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The 40W5500's features are much more effective when you start trying to tweak its pictures. One of the single most important discoveries is the 'Motionflow' system; Sony's name for its 100Hz engine, which also interpolates newly calculated frames of image data to make motion look more fluid as well as sharper.
The TV allows you to switch Motionflow off completely, set it to a Standard level, or even set it to a high level if you don't mind a rather large increase in side effects to gain only a slight increase in motion fluidity.
Other handy stuff includes adjustable standard and MPEG noise reduction circuits, a black correction option, gamma adjustment, Clear White processing, and Sony's Live Colour system for boosting colour response.
As I would have expected based on my experience with the 46W5500, the 40W5500 is a truly excellent picture performer. Particularly impressive is the set's black level response, which leaves dark screens suffering far, far less with CCFL-backlit LCD's common grey mist problem than the vast majority of its rivals.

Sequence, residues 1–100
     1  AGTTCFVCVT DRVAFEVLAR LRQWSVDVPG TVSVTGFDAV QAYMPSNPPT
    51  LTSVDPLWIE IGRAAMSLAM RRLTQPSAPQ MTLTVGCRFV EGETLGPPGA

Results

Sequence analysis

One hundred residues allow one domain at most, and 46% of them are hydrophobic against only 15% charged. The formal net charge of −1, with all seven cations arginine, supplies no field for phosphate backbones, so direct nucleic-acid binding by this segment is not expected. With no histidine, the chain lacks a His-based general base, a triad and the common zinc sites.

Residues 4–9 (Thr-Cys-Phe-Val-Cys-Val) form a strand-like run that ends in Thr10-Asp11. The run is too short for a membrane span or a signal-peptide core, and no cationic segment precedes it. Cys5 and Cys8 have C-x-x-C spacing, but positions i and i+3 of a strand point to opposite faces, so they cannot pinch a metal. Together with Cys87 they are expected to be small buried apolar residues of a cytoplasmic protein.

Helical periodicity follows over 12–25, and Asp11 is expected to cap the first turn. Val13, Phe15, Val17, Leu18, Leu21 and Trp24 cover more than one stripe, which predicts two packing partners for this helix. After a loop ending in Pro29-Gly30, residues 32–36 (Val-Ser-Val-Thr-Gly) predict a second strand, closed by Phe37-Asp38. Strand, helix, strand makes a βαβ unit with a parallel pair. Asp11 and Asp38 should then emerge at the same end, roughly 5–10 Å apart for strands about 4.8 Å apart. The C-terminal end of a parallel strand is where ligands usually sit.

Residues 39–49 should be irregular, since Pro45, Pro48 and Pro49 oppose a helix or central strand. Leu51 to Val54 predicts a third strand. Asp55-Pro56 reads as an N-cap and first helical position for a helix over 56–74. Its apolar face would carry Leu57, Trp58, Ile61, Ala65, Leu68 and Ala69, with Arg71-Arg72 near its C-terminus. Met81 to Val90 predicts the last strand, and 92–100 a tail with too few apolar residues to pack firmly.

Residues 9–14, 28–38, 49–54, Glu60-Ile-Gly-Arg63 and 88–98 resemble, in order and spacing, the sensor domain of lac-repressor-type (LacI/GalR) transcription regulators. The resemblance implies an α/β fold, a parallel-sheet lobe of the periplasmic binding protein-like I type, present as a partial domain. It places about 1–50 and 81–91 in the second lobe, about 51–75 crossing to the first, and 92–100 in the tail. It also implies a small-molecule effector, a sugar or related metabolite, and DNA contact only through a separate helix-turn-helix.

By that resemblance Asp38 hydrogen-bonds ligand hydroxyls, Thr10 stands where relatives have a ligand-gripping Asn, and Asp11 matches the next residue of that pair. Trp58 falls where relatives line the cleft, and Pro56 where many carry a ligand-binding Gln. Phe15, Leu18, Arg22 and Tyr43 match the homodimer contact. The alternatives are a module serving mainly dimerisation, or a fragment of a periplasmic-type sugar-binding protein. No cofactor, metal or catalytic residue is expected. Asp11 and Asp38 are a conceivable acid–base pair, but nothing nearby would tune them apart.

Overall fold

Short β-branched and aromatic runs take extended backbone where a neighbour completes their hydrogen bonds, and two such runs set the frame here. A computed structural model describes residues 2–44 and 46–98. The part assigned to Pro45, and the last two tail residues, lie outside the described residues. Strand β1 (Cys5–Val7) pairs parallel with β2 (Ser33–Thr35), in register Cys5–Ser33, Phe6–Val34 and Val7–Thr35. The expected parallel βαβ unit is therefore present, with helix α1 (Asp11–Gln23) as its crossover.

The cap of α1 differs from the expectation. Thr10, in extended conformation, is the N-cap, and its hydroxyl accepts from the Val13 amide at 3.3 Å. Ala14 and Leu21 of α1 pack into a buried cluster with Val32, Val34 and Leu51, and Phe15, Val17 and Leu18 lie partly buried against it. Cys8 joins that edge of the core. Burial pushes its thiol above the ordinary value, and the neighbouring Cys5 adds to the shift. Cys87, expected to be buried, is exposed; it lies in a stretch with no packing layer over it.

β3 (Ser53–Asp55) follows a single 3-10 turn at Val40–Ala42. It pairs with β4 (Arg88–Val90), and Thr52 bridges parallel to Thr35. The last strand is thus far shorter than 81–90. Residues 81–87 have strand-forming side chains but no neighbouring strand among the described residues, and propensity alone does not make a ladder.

Obviously, the latest run of LED-based LCD TVs has shifted the goalposts in the black level area, and it's certainly the case that the 40W5500 doesn't enjoy such pitch blacks as LED screens. But then the 40W5500 is markedly cheaper than any LED models of a similar size, and its black levels really are excellent by 'normal' LCD standards.
This is a good time, too, to announce that I was seldom troubled at all by the backlight inconsistency issue that blighted Sony's previous range, and has inevitably been a talking point of its new range. I wouldn't go so far as to say that the picture is completely free of inconsistencies; if you look hard enough during almost completely dark movie sequences, you can still see extremely subtle pools of extra brightness in the screen's corners. But they really only crop up under extreme - and thus rare - circumstances, and so for me can be considered a small price to pay for the general black level excellence.
The 40W5500 is a pretty spectacular colour performer, too. Rich palettes such as those found in your average animated film explode of the screen - especially as their innate vibrancy is combined with those deep black levels I've already mentioned, and some pristine whites. Actually, the vibrancy of the 40W5500's colour response also highlights another strength; namely that the impressive black level response is achieved without having to dim the screen's brightness as far as I would expect with standard LCD technology.